GA Community Again Unites Against User Fees
Administration signals on issue not positive
January 19, 2012 - A united group of GA organizations are continuing their action in response to signals from the Obama administration that it plans to push ahead with future proposals to assess user fees on private aviation. Late last week, the administration's reply to an online petition asking the White House to "Take Aviation User Fees Off the Table" caused alarm, as it appeared to reaffirm a coming push to assess new fees. Dana Hyde of the Office of Management and Budget responded to the online petition, which attracted 8,900 digital signatures since September. Such petitions initially filed at the White House's "We the People" website needed at least 5,000 signatures to cause a replay from the administration.
"We have concluded that a $100 per flight user fee is an equitable way for those who benefit to bear the cost of this essential service," Hyde said in reference to air traffic services, including piston-powered aircraft in controlled airspace.
EAA, AOPA, GAMA, NATA, NBAA, and others are gearing up for another battle against user fees that could be in future budget and appropriations bills. Although Congress over the past decade has consistently rejected such GA user fees, regardless of the party in control, Hyde's response indicated that the Obama administration was ready to make another push for passage.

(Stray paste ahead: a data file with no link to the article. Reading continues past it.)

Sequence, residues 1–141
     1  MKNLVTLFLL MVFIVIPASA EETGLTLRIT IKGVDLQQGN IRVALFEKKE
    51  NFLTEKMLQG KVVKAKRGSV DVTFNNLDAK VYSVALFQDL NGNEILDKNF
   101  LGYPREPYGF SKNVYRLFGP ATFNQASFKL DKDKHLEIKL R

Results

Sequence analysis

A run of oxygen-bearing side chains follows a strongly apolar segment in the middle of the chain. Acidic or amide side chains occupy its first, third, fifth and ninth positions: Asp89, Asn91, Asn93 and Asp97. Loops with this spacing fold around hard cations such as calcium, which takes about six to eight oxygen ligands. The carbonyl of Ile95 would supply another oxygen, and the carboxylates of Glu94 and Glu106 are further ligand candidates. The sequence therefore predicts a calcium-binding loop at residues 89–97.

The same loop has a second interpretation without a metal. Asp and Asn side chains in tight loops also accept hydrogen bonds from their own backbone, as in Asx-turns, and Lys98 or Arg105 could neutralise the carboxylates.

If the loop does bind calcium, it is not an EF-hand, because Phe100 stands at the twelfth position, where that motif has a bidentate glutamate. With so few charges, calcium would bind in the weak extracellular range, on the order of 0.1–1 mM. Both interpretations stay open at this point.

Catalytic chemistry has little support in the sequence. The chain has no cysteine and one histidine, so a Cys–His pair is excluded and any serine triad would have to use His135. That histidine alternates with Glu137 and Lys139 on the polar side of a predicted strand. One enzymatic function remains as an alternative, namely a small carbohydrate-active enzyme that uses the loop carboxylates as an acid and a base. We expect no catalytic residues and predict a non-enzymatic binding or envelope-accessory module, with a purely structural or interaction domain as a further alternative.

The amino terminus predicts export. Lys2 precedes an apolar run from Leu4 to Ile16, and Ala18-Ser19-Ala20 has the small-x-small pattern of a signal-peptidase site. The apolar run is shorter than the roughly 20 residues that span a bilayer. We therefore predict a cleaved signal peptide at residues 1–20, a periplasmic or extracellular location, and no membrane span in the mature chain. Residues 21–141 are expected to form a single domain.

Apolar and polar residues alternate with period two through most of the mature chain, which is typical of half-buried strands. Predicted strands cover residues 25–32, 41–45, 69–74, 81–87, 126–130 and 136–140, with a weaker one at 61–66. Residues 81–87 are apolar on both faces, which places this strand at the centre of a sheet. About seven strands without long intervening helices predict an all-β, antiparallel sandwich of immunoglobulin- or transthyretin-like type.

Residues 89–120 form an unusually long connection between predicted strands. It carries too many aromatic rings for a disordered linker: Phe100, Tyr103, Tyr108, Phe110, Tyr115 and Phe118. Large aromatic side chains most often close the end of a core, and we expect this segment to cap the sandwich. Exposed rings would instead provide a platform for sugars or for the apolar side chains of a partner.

EAA's government relations office acted quickly after learning of the White House response. Doug Macnair, EAA's vice president of government relations, contacted leaders of the Congressional General Aviation Caucus in regards to the issue and the dire ramifications of user fees on GA. Even a proposal that would exempt piston-powered aircraft is dangerous, according to Macnair, because it allows user fees to become a part of some GA operations and foreshadows fee expansion in the future.
"Although Congress has rejected the user fee concept again and again, it seems that the idea keeps reappearing," Macnair said. "GA already has a fair way to pay its share of the slim segment of air traffic services it uses, called the fuel tax. EAA will continue to work to prevent any of these additional burdens and bureaucracy from landing on GA aircraft owners and operators."